Shark tourism: friend or foe?

  • Sharks
Years funded
  • 2013, 2014
  • Archived
Project type
  • Research

Divers love seeing sharks, which often means attracting them with food, but how does this affect their behaviour and metabolism? Adam and Richard’s project will provide best practice guidelines for shark ecotourism operators.

Shark tourism: friend or foe?

Richard Fitzpatrick

Project leader
About the project leader

Richard is an Emmy Award-winning underwater cameraman and marine biologist who has shot more than 50 films for clients such as the BBC, National Geographic Channel and Discovery Channel. Renowned for capturing complex behavioural sequences, many of which have never been seen before, he has filmed around the world, from the crystal-clear coral gardens of Australia’s Great Barrier Reef to the murky waters of the Amazon.

Having grown up with the Great Barrier Reef on his doorstep, Richard was the ultimate fish nerd. He spent his childhood snorkelling on the reef and keeping tropical fish (including his prized epaulette sharks) in...

Shark tourism: friend or foe?

Adam Barnett

Project leader
About the project leader

Adam got into marine biology in a more roundabout way. Originally a chef for 13 years, he wanted to turn his favourite pastimes, scuba diving and observing animals, into a job. Since changing from cooking animals to studying them, Adam has worked as an educator aboard an ecotourism vessel and as crew on more than 20 natural history documentaries. He has also completed a PhD on sevengill shark ecology, which was funded by the Save Our Seas Foundation. He currently holds a research position at Deakin University in Melbourne, Australia, and is the director of the new initiative Oceans IQ,...

Project details

Activity patterns of reef sharks: does tourism affect their health?

Key objective

The key objective of this project is to measure activity patterns, metabolic rates and energy budgets of reef sharks, and determine tourism impacts on reef shark behaviour and health. In particular, provide the first estimate of how tourism affects the energetics of a shark species.

Why is this important

Shark ecotourism is a growing, multi-million dollar industry worldwide, with many dive companies marketing trips specifically to feed sharks. Despite being a controversial issue, there is still limited information on how provisioning sharks, or tourism in general, affects their natural behaviour and health.


Our previous work at Osprey Reef (Coral Sea, Australia) shows that tourism alters the diel activity patterns of whitetip reef sharks Triaenodon obesus, with the potential to have negative effects on metabolic rates, net energy gain and overall health. However, nothing has been reported on the effects tourism may have on sharks’ energetic budgets.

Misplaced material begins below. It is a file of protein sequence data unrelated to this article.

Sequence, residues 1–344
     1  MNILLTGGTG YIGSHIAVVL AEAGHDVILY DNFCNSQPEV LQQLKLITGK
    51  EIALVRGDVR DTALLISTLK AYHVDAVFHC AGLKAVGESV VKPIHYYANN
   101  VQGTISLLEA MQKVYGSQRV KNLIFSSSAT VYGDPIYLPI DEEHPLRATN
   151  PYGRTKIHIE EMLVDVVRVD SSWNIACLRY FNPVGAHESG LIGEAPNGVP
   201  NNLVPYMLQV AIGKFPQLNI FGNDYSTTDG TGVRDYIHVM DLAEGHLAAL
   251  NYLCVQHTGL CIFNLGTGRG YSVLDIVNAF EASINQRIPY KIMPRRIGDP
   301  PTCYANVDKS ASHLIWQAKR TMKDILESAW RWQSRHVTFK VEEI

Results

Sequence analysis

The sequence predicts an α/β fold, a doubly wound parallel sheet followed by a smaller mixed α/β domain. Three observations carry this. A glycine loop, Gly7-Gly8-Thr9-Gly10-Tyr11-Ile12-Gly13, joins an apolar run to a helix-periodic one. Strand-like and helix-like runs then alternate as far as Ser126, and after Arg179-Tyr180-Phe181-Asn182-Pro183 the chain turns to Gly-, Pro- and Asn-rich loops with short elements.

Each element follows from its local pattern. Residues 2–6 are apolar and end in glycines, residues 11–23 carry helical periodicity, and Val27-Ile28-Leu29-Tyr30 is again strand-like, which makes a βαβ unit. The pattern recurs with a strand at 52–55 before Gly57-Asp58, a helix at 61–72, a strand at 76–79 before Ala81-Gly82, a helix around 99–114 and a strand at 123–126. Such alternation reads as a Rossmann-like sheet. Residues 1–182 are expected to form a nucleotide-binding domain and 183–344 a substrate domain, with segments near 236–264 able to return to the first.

In light of our findings in Fitzpatrick et al. (2011) and the ever-increasing popularity of shark provisioning, this topic needs to be addressed in much more detail. Results will contribute to assessing animal health when species are subjected to human-induced impacts. Due to the life history characteristics of sharks and the ever-increasing rate and magnitude of anthropogenic activities in the world’s oceans, the importance of research looking at human and shark interactions has never been greater.

Fitzpatrick R, Abrantes K, Seymour J, Barnett A (2011) Variation in depth of whitetip reef sharks: do shark feeds change their behaviour? Coral Reefs 30: 569-577.

Aims & objectives
  • Electronic activity tags and loggers will be attached to whitetip Triaenodon obesus and grey Carcharhinus amblyrhynchos reef sharks to determine their activity levels, routine metabolic rates and energy budgets.
  • Activity levels and energetics will be compared on days when shark feeds are and are not conducted.
  • Swim sharks in a flume (swim chamber) to calibrate acceleration data to swimming speed and activity. This will supplement acceleration loggers from the field to more accurately interpret data from wild tagged sharks.
  • Results will be disseminated among tour operators so that they and management bodies can form guidelines for best practices in conducting shark ecotourism with minimal effects on shark behaviour and health.